California Backs Fuel Standard That Could Raise Costs

  • California Backs Fuel Standard That Could Raise Costs

    States considering a Low Carbon Fuel Standard will be watching the federal 9th Circuit Court of Appeals to see if it will overturn a lower court’s decision against allowing enforcement of the standard that opponents say will significantly hike fuel costs.

    The appellate court has set an April 16 deadline for the California Air Resources Board to file its opening brief after the U.S. District Court for the Eastern District of California court refused to suspend judgments and a preliminary injunction Jan. 23 against CARB enforcing the standard.

    Two years ago, the American Trucking Associations, refiners and fuel production companies filed suit against the board’s LCFS, which began last year and had been set to become significantly stricter in January and again in 2015..

    Six weeks ago, the Western States Petroleum Association and the California Trucking Association issued separate statements expressing concern over projected fuel cost hikes resulting from LCFS.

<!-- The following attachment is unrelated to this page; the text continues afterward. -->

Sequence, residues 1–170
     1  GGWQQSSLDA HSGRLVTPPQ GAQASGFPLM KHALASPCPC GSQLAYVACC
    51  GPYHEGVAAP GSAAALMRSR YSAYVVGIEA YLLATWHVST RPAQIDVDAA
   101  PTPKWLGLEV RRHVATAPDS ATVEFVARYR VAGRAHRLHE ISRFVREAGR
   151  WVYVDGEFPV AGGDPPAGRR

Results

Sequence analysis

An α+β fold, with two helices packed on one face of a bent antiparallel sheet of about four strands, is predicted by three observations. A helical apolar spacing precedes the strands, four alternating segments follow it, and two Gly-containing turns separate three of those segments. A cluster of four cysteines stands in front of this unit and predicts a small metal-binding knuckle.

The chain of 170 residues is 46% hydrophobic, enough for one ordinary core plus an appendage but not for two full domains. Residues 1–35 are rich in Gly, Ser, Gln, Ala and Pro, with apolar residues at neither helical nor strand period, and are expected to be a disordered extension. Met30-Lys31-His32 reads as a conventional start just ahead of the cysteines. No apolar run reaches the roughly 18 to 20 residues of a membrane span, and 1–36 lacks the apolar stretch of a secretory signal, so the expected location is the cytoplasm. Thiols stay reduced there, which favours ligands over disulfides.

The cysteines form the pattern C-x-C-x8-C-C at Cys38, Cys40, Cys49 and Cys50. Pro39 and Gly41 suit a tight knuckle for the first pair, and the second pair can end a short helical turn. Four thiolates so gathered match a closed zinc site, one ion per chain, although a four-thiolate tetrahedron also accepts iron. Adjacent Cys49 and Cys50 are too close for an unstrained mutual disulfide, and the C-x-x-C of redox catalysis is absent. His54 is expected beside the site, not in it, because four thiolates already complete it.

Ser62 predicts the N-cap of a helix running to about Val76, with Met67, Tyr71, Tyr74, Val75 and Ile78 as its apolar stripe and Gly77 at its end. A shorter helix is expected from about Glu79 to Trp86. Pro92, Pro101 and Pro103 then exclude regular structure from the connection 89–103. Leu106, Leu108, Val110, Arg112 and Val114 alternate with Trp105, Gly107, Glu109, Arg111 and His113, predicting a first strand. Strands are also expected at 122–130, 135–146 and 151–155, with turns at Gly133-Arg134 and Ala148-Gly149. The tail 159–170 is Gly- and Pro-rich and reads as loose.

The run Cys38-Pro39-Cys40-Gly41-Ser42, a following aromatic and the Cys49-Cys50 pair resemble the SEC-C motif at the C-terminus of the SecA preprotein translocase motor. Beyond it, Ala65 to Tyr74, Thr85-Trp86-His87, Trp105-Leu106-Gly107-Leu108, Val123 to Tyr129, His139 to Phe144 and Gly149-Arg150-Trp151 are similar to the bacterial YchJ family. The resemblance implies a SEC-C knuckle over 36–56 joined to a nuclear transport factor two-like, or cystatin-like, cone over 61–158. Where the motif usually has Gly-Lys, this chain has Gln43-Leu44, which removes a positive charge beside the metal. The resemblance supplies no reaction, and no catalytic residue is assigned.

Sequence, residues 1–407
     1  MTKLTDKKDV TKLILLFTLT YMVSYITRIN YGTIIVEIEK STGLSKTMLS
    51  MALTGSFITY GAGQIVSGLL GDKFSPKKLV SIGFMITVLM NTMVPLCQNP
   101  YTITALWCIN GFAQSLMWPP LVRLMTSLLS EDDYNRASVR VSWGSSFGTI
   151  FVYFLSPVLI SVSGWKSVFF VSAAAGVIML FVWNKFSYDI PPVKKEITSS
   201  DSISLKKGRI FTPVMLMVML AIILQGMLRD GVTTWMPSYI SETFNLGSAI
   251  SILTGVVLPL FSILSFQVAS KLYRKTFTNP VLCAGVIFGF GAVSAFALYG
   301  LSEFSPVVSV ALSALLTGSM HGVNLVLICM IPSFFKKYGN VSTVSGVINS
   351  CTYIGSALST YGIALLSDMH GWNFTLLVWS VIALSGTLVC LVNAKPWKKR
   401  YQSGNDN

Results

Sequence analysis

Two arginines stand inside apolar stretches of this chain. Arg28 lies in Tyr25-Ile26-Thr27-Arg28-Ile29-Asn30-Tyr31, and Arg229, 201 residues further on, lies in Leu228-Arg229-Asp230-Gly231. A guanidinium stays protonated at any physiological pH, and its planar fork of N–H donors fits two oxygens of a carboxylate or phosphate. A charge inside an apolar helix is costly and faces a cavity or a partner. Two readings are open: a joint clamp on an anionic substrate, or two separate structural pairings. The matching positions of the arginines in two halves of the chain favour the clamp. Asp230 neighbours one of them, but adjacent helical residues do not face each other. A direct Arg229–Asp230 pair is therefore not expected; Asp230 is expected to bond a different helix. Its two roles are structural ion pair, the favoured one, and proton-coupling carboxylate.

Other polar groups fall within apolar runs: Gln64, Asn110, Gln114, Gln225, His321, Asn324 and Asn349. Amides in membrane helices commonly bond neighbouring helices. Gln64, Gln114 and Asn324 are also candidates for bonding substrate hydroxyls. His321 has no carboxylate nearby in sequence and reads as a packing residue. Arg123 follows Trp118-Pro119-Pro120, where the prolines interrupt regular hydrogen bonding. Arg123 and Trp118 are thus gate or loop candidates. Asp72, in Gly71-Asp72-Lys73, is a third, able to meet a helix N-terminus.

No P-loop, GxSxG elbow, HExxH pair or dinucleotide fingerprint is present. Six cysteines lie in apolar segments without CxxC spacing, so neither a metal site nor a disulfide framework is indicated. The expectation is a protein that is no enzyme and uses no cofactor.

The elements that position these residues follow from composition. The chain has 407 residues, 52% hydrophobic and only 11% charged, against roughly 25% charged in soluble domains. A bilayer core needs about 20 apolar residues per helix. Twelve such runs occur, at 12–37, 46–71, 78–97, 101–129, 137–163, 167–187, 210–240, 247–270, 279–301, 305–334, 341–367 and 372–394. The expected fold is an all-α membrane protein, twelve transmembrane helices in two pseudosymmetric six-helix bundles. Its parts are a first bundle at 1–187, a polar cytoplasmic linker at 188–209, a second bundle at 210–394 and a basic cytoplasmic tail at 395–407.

Michael Shaw, a CTA vice president, said it would jack up fuel prices in the short term and could create fuel shortages in the long term.

    “The California Energy Commission tagged the LCFS with an annual cost to California of more than $4 billion,” Shaw said. “How can CARB impose a major drag on our economy at a time when California’s unemployment rate still hovers at almost 12 percent?”

    Western States Petroleum Association cited research it commissioned from the California-based Sierra Research, based on Department of Energy biofuel forecasts.

    California biofuel supplies will be inadequate for LCFS compliance by 2015 when the fuel requirements “start to become much more aggressive,” the WSPA stated. The cost of acquiring special biofuels in California for LCFS compliance “could be as much as $54 billion between now and 2020.”

    On Dec. 29, U.S. District Judge Lawrence O’Neill ruled the state’s LCFS violated the Constitution’s Commerce Clause by discriminating against out-of-state sources of ethanol and crude oil. In response to a 2006 state law, the board adopted LCFS three years later to reduce greenhouse gas emissions from transportation fuels 10 percent by 2020.

    Several West Coast and New England states that considered adopting California’s standard in recent years appear to be holding off on implementation.

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